With astounding performances, our color guards and drill team kicked off the year strong with a whole season to look forward to, honing their skills for the climax of the season with 5th brigade.
By: Adelena Vera
The Pleasanton Education Foundation hosted a fundraiser last month. The Education Foundation supports students through scholarship opportunities, encourages and supports the future of education, providing funds to improve innovative practices around the school district.
During this fundraiser, about 150 students participated and helped raise about $600. On the Saturday of the fundraiser, the community also helped out and donated $1510, making a total of $2120, just sort of meeting the goal of $3,000.
Thank you to everyone who donated to the fundraiser and helped raise the money! And a very special thank you to the Education Foundation for all you do to support our staff and students.
By: Dillon Myers
Held from November 2nd to 6th, the College Fair was a virtual opportunity where students could visit around 300 colleges and universities.
Through the College Fair, colleges were able to submit videos, slideshows, and more explaining about various topics ranging from admissions, campus life to sports and more.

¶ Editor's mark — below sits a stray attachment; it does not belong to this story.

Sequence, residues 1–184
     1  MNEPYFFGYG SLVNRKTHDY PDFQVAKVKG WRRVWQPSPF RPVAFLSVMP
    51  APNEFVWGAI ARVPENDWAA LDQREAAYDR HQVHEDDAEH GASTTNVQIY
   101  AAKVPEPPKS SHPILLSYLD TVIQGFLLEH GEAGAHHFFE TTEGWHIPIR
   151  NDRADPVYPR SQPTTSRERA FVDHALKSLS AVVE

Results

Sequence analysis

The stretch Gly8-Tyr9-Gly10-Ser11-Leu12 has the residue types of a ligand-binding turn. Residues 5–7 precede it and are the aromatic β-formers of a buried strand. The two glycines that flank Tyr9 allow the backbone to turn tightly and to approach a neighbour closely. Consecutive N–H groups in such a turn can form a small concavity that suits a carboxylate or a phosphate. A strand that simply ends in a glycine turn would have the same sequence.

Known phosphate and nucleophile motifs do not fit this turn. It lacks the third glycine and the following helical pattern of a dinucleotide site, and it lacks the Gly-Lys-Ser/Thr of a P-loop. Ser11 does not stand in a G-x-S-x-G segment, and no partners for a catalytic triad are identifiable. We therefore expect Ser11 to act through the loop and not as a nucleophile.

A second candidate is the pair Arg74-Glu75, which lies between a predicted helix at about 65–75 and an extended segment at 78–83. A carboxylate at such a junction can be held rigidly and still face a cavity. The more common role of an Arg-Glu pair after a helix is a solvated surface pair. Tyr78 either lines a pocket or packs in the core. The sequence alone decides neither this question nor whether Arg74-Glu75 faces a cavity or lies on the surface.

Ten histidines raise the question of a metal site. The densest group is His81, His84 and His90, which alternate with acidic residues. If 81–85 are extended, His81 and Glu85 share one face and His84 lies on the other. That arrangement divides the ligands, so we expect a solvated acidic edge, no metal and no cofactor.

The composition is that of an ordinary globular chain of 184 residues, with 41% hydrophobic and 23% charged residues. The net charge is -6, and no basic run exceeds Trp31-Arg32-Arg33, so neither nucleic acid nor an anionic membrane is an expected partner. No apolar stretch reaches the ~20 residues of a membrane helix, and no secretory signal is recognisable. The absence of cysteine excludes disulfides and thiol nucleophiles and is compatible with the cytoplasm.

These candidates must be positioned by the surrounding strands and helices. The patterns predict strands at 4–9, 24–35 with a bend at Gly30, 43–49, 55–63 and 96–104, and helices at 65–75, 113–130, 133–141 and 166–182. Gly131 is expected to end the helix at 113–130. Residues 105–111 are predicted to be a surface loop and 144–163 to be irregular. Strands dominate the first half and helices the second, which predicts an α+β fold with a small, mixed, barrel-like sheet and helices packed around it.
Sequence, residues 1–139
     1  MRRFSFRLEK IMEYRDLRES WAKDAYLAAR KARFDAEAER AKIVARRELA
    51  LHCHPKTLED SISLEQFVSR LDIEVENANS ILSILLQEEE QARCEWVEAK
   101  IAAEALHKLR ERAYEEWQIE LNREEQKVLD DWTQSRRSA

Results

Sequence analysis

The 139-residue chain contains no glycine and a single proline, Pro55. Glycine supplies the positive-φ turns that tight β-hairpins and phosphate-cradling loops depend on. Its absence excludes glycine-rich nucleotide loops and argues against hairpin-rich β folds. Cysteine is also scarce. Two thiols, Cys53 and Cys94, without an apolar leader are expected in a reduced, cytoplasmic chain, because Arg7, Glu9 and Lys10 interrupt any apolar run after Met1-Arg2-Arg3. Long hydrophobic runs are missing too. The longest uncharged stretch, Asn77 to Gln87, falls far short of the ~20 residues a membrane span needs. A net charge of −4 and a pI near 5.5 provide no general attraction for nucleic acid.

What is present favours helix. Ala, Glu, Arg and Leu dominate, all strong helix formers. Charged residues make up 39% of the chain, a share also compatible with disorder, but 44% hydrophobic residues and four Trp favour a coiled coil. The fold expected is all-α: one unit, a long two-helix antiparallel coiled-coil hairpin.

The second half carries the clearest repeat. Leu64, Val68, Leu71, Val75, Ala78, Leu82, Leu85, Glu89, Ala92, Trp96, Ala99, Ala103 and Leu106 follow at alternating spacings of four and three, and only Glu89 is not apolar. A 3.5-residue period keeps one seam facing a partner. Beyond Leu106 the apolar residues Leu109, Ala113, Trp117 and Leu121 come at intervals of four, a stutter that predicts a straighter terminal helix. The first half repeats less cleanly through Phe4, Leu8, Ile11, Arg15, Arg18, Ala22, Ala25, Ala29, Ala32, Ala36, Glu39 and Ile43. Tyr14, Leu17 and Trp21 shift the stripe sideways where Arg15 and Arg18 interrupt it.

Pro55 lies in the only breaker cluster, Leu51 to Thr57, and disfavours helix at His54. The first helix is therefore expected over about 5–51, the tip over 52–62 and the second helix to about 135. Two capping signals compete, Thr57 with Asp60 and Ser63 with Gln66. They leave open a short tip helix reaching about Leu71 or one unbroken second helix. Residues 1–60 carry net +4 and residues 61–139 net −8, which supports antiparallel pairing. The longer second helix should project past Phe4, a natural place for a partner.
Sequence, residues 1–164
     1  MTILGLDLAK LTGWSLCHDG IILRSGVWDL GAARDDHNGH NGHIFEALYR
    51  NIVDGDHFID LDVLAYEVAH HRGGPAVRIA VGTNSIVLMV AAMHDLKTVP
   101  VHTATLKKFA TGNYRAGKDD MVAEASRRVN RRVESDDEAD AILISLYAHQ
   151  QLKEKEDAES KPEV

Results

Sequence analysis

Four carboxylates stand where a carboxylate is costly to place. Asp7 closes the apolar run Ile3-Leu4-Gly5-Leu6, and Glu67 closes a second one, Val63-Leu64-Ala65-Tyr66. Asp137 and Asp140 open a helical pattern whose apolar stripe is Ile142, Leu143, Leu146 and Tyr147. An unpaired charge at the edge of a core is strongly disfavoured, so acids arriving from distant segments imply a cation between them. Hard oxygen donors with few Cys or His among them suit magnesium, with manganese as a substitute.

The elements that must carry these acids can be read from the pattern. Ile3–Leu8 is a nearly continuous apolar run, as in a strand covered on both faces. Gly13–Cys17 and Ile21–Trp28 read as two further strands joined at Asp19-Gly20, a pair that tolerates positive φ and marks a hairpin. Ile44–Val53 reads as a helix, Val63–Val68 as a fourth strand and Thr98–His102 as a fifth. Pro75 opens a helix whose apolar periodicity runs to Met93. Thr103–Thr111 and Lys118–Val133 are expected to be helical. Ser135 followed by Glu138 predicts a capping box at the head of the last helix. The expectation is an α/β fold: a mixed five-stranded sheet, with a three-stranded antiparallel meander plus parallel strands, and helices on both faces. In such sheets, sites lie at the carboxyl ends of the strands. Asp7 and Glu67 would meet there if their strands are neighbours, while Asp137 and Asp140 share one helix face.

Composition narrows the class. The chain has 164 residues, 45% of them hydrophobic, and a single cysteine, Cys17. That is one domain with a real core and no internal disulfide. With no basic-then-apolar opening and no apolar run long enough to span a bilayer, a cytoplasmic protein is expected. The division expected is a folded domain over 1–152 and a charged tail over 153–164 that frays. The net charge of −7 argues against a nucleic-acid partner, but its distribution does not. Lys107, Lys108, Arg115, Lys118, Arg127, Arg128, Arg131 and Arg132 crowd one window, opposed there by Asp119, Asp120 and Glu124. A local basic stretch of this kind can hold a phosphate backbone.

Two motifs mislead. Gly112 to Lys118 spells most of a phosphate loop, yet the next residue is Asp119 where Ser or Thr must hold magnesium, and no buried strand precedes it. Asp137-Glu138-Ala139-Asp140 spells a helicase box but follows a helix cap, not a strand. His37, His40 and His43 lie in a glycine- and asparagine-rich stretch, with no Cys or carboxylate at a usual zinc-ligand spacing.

English and Journalism teacher Ms. Schmidt, said, “It is a good idea to attend a college fair in order to collect information such as areas of study, tuition and cost of living, and campus life about potential colleges one might attend in order to narrow down choices when deciding between where to attend.”
The online College Fair was free and attendees needed only to register and sign up. It was easy to access, easy to sign up, and most of all, it was easy to navigate. Once registered, students will have access to information about each and every college on the College Fair. This lasts all the way through December.
9th grade – Kassidy Vickers
10th grade – Toby Bird
11th grade – Simon Karsky
12th grade – Lyssa Lee Ramirez
By: Wanish Tortes-Mcginnis
People still to this day are confused about the difference between Memorial Day and Veterans Day. Memorial Day is a day of remembrance of people who fought and have fallen in wars; we honor and mourn for their courageous acts and bravery for this country. Wars that can be tied to Memorial Day are World War 1, World War 2, Vietnam, Korea, and the Afghanistan and Iraqi Wars.